“1991 may be known as the year punk broke,” writes Anne K. Yoder, “but 2013 may soon become the year of its canonization”:
[It’s] no surprise that the current fêteing has lost touch with punk’s confrontational roots, its urgency and exigency—the capstone being the punk show at the Met, currently exhibiting facsimiles of CBGB’s bathroom walls.
The antidote? One comes in the form of the latest chapbook, Punk, from Sarah McCarry’s Guillotine press. Punk skewers this kind of nostalgic teleology, among other things, in the dialogue between lifelong lady punks, Mimi Thi Nguyen and Golnar Nikpour. Nguyen has been making zines like Slander and Race Riot since 1991 and has written a great deal about punk along the way; Nikpour grew up in New York by way of Tehran and was a co-coordinator of seminal punk fanzine Maximum Rocknroll, which she still contributes to intermittently. Their final note is a good starting point for the conversation, as Nguyen defines punk as “a plural, rather than a coherent, series of forms or formations, that can and should resist institutionalization,” and that “attempts to describe punk are always partial because punk is—”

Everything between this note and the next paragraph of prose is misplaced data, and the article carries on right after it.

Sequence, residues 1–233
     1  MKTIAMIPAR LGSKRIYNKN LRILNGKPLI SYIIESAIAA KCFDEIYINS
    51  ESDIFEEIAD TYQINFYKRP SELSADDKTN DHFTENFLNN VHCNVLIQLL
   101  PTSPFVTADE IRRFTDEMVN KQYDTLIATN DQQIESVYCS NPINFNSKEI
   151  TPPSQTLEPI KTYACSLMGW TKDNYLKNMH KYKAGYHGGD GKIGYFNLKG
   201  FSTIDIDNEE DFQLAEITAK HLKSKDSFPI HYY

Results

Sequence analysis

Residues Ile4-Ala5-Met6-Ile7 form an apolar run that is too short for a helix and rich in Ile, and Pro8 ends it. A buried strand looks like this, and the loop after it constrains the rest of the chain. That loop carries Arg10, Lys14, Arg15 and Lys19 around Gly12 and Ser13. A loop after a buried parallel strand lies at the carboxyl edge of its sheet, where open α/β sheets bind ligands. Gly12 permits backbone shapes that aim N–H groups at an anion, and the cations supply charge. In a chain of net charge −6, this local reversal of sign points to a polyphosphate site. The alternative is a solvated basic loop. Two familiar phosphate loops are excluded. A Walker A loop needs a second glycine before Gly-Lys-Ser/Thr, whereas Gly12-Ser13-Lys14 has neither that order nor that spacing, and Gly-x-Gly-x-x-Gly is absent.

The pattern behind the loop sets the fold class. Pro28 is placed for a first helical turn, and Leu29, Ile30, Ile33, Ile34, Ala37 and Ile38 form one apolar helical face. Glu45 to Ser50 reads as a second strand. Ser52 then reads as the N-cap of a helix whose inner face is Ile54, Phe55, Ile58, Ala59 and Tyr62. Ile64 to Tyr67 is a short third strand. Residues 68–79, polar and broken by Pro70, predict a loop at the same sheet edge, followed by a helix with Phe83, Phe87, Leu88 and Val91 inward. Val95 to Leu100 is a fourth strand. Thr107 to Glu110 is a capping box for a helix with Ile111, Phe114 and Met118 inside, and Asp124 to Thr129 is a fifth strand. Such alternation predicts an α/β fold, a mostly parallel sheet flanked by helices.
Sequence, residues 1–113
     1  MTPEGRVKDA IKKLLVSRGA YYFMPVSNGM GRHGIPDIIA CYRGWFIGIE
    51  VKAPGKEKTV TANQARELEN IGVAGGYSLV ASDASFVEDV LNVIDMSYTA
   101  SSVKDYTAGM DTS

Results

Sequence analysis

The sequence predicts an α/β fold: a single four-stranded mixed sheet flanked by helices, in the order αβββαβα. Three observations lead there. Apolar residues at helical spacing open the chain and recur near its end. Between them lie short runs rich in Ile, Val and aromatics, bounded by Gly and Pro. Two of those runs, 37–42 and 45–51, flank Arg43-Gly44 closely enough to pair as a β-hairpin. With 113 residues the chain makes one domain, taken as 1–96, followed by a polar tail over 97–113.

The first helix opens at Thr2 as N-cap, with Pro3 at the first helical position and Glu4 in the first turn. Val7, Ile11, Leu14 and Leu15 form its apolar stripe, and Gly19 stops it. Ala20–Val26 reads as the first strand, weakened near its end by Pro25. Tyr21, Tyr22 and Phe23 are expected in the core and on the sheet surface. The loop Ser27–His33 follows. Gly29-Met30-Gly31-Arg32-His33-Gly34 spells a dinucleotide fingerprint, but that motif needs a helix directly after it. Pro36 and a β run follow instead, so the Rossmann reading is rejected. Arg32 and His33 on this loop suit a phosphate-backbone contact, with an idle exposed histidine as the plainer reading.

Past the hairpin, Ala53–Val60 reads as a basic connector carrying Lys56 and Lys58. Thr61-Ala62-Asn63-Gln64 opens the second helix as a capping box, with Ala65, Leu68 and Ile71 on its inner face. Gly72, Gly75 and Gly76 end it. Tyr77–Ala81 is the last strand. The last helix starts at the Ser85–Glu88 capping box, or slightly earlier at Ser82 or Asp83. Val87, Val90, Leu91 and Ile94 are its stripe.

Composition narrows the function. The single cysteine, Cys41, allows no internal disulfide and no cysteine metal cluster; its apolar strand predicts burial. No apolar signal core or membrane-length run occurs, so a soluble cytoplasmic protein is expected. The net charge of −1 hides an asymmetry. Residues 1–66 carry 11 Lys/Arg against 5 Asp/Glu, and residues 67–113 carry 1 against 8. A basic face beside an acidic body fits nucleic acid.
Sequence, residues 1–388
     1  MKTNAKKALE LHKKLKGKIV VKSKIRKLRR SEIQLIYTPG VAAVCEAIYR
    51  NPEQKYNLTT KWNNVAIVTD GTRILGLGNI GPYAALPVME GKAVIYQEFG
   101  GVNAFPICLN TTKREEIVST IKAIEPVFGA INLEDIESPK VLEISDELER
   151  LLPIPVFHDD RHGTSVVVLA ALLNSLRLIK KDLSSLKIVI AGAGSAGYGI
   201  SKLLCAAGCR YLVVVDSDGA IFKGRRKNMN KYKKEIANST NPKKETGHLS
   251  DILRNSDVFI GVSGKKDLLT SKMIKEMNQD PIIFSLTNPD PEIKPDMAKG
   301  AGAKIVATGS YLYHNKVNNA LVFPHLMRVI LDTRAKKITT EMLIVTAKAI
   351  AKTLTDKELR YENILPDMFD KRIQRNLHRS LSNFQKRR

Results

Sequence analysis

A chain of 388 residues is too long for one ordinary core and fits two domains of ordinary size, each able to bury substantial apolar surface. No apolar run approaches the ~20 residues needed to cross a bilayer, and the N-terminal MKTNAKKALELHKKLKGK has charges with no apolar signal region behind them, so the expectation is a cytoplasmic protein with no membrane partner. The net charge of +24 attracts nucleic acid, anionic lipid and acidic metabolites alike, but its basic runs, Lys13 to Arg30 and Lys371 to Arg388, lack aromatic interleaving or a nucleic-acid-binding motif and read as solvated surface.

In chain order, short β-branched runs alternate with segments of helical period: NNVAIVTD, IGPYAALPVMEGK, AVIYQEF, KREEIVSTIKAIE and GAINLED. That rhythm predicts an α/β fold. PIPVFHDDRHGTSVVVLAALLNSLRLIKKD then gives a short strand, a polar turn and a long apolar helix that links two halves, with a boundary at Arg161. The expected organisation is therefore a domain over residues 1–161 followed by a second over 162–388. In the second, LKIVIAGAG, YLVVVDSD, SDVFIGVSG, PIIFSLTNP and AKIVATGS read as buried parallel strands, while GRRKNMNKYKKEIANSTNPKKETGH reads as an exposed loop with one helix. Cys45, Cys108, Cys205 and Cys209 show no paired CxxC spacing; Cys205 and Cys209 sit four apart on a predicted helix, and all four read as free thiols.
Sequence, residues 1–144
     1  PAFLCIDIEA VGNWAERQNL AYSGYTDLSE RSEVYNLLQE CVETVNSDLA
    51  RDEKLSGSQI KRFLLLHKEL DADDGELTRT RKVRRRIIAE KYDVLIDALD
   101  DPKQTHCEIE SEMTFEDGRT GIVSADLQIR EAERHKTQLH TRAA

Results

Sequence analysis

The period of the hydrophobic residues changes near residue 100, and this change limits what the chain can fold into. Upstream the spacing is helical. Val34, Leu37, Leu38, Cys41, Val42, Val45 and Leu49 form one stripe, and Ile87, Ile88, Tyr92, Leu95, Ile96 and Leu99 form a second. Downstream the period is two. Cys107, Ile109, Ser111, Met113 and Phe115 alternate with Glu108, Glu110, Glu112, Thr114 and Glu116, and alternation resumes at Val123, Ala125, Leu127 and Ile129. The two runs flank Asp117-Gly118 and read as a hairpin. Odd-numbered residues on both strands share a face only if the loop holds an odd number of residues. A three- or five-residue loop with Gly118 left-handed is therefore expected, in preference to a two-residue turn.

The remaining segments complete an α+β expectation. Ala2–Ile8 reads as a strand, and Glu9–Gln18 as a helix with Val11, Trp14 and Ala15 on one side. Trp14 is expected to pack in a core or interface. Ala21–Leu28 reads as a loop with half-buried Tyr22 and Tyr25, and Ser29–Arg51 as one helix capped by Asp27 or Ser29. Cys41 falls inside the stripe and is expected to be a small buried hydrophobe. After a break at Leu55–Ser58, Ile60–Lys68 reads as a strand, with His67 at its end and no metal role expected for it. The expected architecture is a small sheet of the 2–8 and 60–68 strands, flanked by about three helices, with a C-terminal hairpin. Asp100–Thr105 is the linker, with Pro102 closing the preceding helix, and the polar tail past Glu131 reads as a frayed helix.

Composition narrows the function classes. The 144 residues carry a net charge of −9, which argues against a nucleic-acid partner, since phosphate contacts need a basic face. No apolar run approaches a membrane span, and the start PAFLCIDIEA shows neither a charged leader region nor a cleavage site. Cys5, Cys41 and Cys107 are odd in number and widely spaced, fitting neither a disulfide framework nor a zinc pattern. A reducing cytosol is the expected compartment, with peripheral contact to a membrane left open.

And so the chapbook ends, leaping into whitespace that refuses to propose a stable definition of punk. … [The authors] concur that punk by its own definition exists as a constellation of scenes united by a rather elastic set of punk ethics, and that history cannot be reduced.
And the medium is the message:
If anything, Punk, and the entire Guillotine chapbook series, adheres to this essential punk ethic that Nguyen and Nikpour identify with and promote. For one, it’s a DIY endeavor and McCarry designs, letterpresses, and sews the chapbooks herself—a practice more common within poetry circles. The series is dedicated to publishing “revolutionary nonfiction,” front-loaded with incendiary political material that’s also quite timely and often couched within a personal narrative.